This makes it versatile and ideal for many different food preparations. Another great thing about arrowroot powder is that its flavor is neutral which means it can be used in savory or sweet dishes without having an impact on the taste of the food.
In fact, arrowroot powder even works well in smoothies! So if you’re looking for an all-purpose flour substitute, arrowroot powder should definitely be at the top of your list!
4. Tapioca Flour
Tapioca flour is a gluten-free, vegan flour that has many versatile uses. It can be used in place of wheat flour, cornstarch, or rice starch in baking recipes and offers similar texture and moisture absorption properties to these flours.
Some brands of tapioca flour are better than others – make sure to read the ingredients list before using it in your recipe as not all brands are created equal.
Additionally, tapioca flour can also be used interchangeably with potato flour when baking gluten-free items or food items that do not require a thick consistency.
5. Quinoa Flour
Quinoa flour is a gluten-free, high-quality substitute for potato flour in baking. It has the same texture and moisture-lift properties as potatoes, making it perfect for recipes that call for potato flour.
Quinoa flour is also gluten-free, which makes it an ideal substitute for people with dietary restrictions such as celiac disease or diabetes. Keep in mind that quinoa flour may not be suitable for all types of baking – consult your recipe before starting!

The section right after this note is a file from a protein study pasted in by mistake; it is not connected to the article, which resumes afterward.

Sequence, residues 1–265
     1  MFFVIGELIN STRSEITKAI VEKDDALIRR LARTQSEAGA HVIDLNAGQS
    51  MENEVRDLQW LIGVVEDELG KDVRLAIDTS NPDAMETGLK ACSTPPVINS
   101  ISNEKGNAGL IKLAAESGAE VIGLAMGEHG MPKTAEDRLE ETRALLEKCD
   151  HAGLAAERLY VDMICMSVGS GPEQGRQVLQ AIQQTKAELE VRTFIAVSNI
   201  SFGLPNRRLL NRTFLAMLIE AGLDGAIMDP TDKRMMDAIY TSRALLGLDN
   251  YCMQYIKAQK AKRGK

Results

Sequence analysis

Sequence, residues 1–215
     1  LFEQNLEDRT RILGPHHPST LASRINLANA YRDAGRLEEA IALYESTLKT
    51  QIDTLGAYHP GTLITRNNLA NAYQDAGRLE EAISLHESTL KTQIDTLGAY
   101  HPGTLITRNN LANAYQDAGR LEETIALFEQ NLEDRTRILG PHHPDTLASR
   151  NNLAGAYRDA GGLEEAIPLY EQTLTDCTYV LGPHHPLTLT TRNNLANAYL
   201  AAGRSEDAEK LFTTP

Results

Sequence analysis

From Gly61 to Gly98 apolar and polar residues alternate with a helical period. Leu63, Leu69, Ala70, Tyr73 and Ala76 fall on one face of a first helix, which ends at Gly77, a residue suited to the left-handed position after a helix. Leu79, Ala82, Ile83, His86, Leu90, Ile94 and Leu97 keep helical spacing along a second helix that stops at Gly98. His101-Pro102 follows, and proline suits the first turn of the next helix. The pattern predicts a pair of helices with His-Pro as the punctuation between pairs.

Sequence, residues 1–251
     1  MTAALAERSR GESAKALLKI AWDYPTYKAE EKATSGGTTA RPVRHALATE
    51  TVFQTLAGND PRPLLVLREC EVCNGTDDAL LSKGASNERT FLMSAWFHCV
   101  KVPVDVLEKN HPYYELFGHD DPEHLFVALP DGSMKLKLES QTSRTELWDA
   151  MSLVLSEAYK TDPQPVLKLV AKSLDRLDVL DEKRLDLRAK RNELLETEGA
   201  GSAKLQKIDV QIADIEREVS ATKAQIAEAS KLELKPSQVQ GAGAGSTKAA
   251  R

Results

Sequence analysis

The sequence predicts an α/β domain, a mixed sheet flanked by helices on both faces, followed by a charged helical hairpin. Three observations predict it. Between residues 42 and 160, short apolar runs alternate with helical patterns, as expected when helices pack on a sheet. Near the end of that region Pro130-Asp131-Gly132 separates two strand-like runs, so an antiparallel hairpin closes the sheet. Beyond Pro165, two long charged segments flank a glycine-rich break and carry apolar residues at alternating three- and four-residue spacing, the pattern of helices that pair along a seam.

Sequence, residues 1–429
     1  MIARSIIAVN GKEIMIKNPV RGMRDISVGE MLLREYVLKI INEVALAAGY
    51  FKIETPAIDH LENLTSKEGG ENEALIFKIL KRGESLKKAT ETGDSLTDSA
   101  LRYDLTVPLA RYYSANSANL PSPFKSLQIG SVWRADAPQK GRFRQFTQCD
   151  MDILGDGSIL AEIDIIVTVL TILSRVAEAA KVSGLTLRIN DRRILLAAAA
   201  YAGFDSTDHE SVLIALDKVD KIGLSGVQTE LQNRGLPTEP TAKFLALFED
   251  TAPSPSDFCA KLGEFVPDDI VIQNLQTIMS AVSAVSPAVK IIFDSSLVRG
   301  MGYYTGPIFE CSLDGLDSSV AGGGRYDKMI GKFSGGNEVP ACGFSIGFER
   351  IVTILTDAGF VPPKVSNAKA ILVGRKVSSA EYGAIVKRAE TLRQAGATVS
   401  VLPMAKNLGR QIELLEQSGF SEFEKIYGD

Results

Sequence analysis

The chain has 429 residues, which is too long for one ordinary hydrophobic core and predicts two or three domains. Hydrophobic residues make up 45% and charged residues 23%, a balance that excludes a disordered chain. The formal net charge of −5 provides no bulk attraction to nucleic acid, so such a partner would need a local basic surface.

In addition to baking applications, quinoa flour can be used interchangeably with all-purpose flour in bread and muffins. For those on a gluten-free diet or wanting to reduce their starch intake, quinoa flour is an excellent option.
6. Rice Flour
Rice flour is a versatile flour that can be used to replace potato flour in baking recipes. It has a slightly different texture so it needs to be handled with care, but that doesn’t mean you have to give up on using rice flour in your baking repertoire!
You can also use it interchangeably with wheat or almond flour, depending on the recipe. Some common applications of rice flour include bread dough and cake batter- both of which benefit from its moisture-free properties.
Additionally, rice starch contributes to gluten-binding properties and makes baked goods less dense and more tender than products made from wheat or almond flour. Make sure to read the recipe thoroughly before starting so you don’t end up with an unenjoyable product!
Rice starch also helps food retain moisture, making it perfect for sauces, gravies etcetera. As always – experiment liberally and see what works best for your particular recipe!
7. All-Purpose Flour
All-purpose flour is a versatile option that can be used for both sweet and savory dishes. There are many different types of flour you can substitute potato flour with, such as almond, soy, oat, etc., so it’s perfect for people who want to avoid gluten contamination.
Make sure to measure the flours correctly before using them in recipes – they can vary significantly in moisture content. This affects how thick or thin your sauces will turn out and also their flavor.